“No matter how well stocked your supplies are, they will eventually run out. Improvisation is therefore a big theme in ‘system collapse’ medicine…”
The “system collapse” section examines longer-term care scenarios. Wound cleaning and care is a very important skill in the aftermath of a natural disaster. Students also learn how to give local anesthesia and suture wounds. Chicken wings and thighs are used for practicing stitching closed cuts. Since chicken skin is very thin, it makes for an even tougher comparison to stitching human skin.
The course also discusses how to deal with contaminated food and water and covers how to prepare a personal collection of medical supplies and medications. In unsanitary conditions, the sort commonly found in developing countries, illness from environmental contamination, is the top reason for needing medical care. Contaminated water and the resulting gastrointestinal diseases are also among the greatest challenges following a natural disaster.
Proper supplies and training are essential. You only need to look at the daily news to see countless instances where such preparation could make the difference between life and death. Ellifritz recommends that, in addition to the usual first aid kit with antiseptic and bandages, you should stock splints, waterproof bandages, Steri-Strips, pressure bandages and tourniquets. However, he also emphasizes that no matter how well stocked your supplies are, they will eventually run out. Improvisation is therefore a big theme in “system collapse” medicine. Ellifritz himself is a great proponent of the versatility of duct tape, and says that hikers and backpackers in particular have learned to be especially ingenious at improvising medical devices and have important lessons to share.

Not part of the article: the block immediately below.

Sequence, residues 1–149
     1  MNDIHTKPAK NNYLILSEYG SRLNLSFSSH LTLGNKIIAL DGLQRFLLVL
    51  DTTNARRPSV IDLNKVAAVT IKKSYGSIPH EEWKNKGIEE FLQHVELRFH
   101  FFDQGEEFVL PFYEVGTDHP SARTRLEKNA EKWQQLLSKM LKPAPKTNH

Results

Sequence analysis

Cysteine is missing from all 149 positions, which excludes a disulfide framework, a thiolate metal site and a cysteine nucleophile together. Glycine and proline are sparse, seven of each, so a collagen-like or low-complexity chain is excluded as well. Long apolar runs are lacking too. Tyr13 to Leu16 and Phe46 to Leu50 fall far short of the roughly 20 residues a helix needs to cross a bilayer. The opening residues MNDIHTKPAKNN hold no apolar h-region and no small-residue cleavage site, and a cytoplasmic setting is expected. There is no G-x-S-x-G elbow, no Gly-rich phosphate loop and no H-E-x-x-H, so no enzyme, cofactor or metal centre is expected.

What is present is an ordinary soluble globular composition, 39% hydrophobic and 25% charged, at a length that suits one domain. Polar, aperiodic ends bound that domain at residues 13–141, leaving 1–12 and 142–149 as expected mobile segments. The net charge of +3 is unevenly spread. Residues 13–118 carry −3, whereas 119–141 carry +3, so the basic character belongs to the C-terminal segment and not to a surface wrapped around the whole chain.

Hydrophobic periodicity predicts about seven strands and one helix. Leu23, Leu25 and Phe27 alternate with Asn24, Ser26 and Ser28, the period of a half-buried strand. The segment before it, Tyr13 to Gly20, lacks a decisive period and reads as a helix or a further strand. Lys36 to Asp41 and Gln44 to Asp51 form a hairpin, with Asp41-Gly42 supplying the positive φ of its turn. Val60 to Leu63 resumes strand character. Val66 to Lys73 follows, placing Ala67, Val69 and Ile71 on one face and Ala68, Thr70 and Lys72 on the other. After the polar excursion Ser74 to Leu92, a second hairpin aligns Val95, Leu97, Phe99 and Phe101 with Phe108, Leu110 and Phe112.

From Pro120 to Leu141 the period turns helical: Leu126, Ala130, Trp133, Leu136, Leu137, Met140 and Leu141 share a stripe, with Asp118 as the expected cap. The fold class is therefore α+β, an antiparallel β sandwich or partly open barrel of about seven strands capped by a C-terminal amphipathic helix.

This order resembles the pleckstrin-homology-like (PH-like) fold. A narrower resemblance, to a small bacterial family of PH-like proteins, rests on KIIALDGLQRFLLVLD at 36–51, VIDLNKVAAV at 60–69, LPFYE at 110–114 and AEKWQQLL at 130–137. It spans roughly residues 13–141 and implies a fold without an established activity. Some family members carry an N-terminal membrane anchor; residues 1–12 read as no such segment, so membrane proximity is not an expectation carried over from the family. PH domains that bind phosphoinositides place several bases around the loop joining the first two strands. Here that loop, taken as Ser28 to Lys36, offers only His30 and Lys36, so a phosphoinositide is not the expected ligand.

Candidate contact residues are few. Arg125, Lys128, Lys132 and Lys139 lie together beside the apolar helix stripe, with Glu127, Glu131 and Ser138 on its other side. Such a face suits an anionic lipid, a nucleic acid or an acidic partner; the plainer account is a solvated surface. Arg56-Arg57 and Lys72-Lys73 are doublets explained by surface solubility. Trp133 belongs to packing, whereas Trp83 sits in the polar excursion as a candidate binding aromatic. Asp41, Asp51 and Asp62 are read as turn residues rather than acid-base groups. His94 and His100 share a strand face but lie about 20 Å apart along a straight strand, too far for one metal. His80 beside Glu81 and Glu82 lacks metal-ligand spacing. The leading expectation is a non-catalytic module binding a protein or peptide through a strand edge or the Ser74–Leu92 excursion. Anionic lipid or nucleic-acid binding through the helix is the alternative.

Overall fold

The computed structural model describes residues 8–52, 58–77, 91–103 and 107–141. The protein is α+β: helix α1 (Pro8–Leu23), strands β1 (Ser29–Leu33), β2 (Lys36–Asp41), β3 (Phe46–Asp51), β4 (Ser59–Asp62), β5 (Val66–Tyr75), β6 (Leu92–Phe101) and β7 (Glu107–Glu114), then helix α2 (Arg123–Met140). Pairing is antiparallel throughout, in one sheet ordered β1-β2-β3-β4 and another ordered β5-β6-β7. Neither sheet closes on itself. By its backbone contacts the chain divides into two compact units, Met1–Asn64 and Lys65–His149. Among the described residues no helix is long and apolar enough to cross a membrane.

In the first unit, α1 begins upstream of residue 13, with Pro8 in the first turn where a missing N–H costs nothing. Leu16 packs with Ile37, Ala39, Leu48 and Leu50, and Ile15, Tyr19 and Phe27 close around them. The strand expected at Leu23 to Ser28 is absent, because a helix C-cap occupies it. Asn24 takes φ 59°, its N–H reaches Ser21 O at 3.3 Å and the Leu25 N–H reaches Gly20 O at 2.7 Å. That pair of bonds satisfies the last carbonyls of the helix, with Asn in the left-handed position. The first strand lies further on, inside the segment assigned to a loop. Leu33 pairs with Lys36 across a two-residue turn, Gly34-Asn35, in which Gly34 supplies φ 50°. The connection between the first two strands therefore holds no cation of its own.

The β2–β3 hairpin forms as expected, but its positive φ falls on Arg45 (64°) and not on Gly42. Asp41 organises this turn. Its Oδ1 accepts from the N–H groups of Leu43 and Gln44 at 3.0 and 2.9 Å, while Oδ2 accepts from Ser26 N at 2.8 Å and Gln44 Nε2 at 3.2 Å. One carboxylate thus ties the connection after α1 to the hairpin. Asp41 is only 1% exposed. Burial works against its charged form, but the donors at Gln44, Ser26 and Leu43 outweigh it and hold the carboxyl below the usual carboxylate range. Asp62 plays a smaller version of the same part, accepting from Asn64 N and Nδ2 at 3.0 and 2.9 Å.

In addition to acquiring practical knowledge, a tactical medicine course also helps students to prepare mentally for dealing with emergencies. Students gain self-confidence in their abilities and the tools to stay calm and rational in stressful situations. Preparation and forethought are heavily emphasized.
The Active Response Training class also covers some of the gray areas of emergency medicine, such as Good Samaritan scenarios. This discussion of when aiding someone is legal versus when providing care would best be left to the professionals gives students food for thought and is ideally considered before such a situation presents itself. The class is also instructed on the legal acquisition of medications (painkillers, antibiotics, epinephrine and local anesthesia) in order to avoid running afoul of drug and prescription laws. An expert instructor is invaluable to those concerned about navigating these types of legal quagmires.